When I was at university in Cork, I saw coaches from this long-established (since 1919, apparently) family owned operation quite a lot. Even so, they seem to have expanded from their original Urlingford base since then to amass a not inconsiderable number of routes served by a fleet of coaches. Private hire is part of their business too but it’s the services to places like Dublin Airport and Clonmel that earns them their place in this list.
In addition to their private hire work, this company also operates rural routes between Kilkenny, New Ross and Graiguenamangh so that gets them an entry here and makes local explorations all the more feasible. In fact, it was a section of an Irish outdoor adventure guidebook that brought this to my attention while highlighting water sports possibilities in the area.
Probably more of a transport network than a bus company, this organisation complements other Irish operators by offering additional rural bus services to be used by local people. Kerry is one stronghold and there are routes in numerous other counties with one bus travelling from Skibbereen to Kinsale looking well patronised when I saw it.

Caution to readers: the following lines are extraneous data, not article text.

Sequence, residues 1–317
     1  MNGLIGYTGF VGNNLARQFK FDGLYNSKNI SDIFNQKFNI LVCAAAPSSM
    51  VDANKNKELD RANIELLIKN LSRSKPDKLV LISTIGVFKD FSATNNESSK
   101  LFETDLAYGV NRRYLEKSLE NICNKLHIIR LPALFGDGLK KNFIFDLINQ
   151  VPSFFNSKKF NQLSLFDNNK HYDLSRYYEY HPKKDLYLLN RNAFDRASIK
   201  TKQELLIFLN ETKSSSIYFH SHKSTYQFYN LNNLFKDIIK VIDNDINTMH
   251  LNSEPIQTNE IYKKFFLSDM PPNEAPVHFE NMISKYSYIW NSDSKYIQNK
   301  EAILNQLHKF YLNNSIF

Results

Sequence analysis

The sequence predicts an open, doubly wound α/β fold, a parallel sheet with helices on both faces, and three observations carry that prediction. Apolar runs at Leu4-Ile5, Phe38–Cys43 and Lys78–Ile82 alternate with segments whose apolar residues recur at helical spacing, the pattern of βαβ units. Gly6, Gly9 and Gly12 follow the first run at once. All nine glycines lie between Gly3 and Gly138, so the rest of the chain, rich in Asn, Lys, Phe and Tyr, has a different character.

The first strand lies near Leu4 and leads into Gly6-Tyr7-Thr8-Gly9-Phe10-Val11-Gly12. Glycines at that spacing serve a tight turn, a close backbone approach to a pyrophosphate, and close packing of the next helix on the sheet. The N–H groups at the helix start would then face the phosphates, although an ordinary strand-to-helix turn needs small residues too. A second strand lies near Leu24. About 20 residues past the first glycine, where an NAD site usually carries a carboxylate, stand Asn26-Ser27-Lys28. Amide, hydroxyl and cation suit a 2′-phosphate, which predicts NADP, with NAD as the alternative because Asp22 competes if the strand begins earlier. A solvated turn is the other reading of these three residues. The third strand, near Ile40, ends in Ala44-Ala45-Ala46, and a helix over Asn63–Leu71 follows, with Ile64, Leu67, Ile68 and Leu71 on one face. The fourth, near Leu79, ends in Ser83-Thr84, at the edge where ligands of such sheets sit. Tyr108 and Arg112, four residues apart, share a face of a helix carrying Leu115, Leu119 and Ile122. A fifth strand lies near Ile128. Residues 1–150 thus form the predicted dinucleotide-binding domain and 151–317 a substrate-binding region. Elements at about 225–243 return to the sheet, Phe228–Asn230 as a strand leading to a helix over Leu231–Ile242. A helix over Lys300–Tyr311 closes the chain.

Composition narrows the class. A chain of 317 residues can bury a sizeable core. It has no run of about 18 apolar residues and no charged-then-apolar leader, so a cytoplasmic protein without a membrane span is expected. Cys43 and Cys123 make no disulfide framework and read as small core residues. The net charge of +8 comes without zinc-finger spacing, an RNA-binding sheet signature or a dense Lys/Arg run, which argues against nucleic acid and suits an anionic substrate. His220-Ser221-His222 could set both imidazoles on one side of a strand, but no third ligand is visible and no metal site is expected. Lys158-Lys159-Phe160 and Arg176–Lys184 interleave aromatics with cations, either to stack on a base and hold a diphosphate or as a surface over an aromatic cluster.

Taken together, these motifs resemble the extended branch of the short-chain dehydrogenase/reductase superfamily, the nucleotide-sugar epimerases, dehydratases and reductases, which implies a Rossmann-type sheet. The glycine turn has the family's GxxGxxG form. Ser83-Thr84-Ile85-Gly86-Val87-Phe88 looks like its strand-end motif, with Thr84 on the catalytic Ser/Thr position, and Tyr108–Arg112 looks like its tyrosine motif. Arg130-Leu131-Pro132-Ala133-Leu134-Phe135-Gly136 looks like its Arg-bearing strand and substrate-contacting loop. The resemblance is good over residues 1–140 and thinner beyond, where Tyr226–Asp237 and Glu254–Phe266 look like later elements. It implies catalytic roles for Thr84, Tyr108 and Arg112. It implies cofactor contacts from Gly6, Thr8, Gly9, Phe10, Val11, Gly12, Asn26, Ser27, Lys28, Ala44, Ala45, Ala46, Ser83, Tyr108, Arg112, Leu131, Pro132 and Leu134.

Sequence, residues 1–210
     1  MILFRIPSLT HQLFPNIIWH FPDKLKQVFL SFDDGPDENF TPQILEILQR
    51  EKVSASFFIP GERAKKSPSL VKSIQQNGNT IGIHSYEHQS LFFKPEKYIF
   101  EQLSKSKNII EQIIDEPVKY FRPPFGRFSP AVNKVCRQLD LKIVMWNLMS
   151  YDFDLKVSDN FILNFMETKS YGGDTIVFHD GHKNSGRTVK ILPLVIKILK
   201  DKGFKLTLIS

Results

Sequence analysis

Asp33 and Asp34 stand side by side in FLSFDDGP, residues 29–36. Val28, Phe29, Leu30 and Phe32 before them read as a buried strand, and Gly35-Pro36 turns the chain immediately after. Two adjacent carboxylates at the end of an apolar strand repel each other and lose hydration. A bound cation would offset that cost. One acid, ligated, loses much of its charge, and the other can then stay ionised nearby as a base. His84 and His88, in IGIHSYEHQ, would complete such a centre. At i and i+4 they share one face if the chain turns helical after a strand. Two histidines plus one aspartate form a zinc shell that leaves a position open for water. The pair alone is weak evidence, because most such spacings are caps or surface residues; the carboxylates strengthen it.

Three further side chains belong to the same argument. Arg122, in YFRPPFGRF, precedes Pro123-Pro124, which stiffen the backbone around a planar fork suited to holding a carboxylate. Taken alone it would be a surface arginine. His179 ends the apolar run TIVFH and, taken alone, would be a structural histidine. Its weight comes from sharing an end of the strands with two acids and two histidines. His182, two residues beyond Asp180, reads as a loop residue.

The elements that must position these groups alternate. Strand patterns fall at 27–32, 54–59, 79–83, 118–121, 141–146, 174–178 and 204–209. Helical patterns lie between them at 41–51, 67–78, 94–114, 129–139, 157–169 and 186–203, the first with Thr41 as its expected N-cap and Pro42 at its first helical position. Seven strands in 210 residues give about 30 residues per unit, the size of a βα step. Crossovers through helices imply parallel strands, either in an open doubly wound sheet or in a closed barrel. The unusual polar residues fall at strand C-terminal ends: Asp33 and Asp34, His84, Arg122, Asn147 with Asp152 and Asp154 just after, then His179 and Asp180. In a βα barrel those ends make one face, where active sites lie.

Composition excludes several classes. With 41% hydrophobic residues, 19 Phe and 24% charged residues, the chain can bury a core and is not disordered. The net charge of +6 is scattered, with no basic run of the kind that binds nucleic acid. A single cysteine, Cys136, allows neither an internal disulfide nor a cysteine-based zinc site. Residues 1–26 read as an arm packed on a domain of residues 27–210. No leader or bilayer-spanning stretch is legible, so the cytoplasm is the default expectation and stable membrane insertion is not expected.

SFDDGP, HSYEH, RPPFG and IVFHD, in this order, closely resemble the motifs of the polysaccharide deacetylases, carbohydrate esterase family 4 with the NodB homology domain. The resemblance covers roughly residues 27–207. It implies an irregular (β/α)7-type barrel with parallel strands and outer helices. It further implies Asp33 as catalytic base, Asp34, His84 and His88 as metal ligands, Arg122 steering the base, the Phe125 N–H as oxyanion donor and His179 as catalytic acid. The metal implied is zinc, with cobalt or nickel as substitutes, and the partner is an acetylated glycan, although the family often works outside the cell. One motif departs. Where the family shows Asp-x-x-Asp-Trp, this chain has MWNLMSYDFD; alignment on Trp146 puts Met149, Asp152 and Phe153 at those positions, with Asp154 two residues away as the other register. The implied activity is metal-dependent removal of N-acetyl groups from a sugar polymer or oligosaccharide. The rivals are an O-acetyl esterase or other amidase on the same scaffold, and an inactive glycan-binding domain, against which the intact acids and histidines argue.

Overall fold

It was the dropping of some stops from Bus Éireann’s Cork-Dublin Expressway coach service that was the cause of this Kilkenny-based (Ballyragget, actually) coach hire operator providing a local service to cover for the omissions after securing a contract to do so from the National Transport Authority. That was the 828 between Urlingford, Abbeyleix and Portlaoise and a newer service 828X began between Cashel, Urlingford and Portlaoise. Timetables for both of these are on the website and offer several departures a day with a more extensive service offering from Monday to Saturday than on Sundays. The main focus is on daytime services with none early in the morning and later ones on Fridays and Sundays, possibly because of folk travelling home from elsewhere, more likely Dublin, for weekends. Sometimes, focus on faster journeys can cut out others while making opportunities for more.
On forays via Dublin Airport, I have noticed coaches operated by these people working what appeared to be scheduled services. Their website confirms that impression with places such as Dundalk, Drogheda and Bettystown being connected with Dublin’s city centre.
Not only does this operator run services around Wexford town and county but they also connect the county with Dublin and Cork too. Until the Christmas 2010 arctic weather, I hadn’t heard of them but their service frequencies look impressive for most of what they provide.